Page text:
Keynote by

Ted Selker

Organized by

Doris Hausen1
Saskia Bakker2
Elise van den Hoven3,2
Andreas Butz1
Berry Eggen2

1Human-Computer-Interaction Group
University of Munich (LMU)
Germany

2Industrial Design Department
Eindhoven University of Technology
the Netherlands

3Faculty of
Design, Architecture & Building
University of Technology, Sydney
Australia

Peripheral Interaction: Embedding HCI in Everyday Life

Workshop at INTERACT 2013, September 3rd

In recent years, the concept of interacting with computing technology in the back-ground or periphery of the userís attention is gaining traction. We call this direction Peripheral Interaction, and see it as a very promising approach to fluently embedding the increasing number of interactive devices into our everyday lives. This workshop invites researchers and practitioners from different disciplines (e.g. computer science, interaction design, interactive arts, psychology, cognitive science, product design and social science), to share their experiences with human-computer interaction for the everyday routine, and aims to lay the foundations for a structured exploration of the new interaction paradigm of Peripheral Interaction.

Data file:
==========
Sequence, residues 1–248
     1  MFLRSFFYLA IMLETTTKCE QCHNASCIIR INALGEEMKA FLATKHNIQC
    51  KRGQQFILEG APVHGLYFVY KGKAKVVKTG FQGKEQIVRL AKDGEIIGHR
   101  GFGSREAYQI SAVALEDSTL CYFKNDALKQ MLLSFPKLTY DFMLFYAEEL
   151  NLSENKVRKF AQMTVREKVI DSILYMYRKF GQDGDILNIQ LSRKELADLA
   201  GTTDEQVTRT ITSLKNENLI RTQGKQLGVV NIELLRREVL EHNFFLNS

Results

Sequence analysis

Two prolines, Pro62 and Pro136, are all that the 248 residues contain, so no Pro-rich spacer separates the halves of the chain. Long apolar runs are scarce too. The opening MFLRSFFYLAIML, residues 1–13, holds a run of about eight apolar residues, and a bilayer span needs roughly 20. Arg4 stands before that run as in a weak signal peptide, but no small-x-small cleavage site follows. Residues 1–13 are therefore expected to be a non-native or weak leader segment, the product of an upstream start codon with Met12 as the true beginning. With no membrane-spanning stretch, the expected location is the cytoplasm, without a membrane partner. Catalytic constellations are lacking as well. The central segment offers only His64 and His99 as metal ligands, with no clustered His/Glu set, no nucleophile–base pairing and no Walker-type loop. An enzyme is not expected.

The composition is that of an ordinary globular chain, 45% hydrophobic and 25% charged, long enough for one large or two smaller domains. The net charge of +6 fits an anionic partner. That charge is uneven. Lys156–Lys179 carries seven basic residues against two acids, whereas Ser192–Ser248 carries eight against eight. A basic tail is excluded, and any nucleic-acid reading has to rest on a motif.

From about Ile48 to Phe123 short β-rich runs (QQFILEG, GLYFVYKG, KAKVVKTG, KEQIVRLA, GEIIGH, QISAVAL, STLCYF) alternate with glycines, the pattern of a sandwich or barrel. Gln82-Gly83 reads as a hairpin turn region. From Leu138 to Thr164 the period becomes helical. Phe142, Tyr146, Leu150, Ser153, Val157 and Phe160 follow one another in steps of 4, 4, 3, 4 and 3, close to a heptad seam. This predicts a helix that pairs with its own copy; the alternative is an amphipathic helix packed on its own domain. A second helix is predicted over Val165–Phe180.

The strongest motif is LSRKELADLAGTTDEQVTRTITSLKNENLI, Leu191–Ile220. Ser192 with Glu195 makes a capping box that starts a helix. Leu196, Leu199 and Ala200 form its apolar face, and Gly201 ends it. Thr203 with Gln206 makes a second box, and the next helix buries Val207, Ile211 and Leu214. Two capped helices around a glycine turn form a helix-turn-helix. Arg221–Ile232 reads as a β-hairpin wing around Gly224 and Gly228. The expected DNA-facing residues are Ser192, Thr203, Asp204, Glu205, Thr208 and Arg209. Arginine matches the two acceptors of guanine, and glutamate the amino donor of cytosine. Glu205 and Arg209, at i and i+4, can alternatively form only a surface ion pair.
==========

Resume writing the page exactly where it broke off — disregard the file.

Why Peripheral Interaction?
The comparison of actions in the physical world with actions on interactive devices reveals a remarkable difference. In daily life we easily perform several tasks in parallel, for example when drinking coffee while reading, drinking may be in the periphery of the attention. Contrarily, we usually have to focus our attention on each digital device we interact with. Given the growing number of devices competing for our attention, novel interaction techniques have to be explored to offer interaction with digital devices in the periphery and parallel to other task.

About the Workshop
The workshop is intended to encourage hands-on explorations and discussion about the definition of Peripheral Interaction, its design space and suitable evaluation strategies. Ted Selker will give a keynote. While the term Peripheral Interaction is not (yet) widely adopted, several design disciplines already address different aspects of the core ideas of Peripheral Interaction (e.g. ambient information systems, ubiquitous computing, implicit interaction, eyes-free interaction, calm technology). We want to sharpen the focus for Peripheral Interaction by offering a platform for exchange of knowledge and community-building to establish a network around Peripheral Interaction for further collaboration.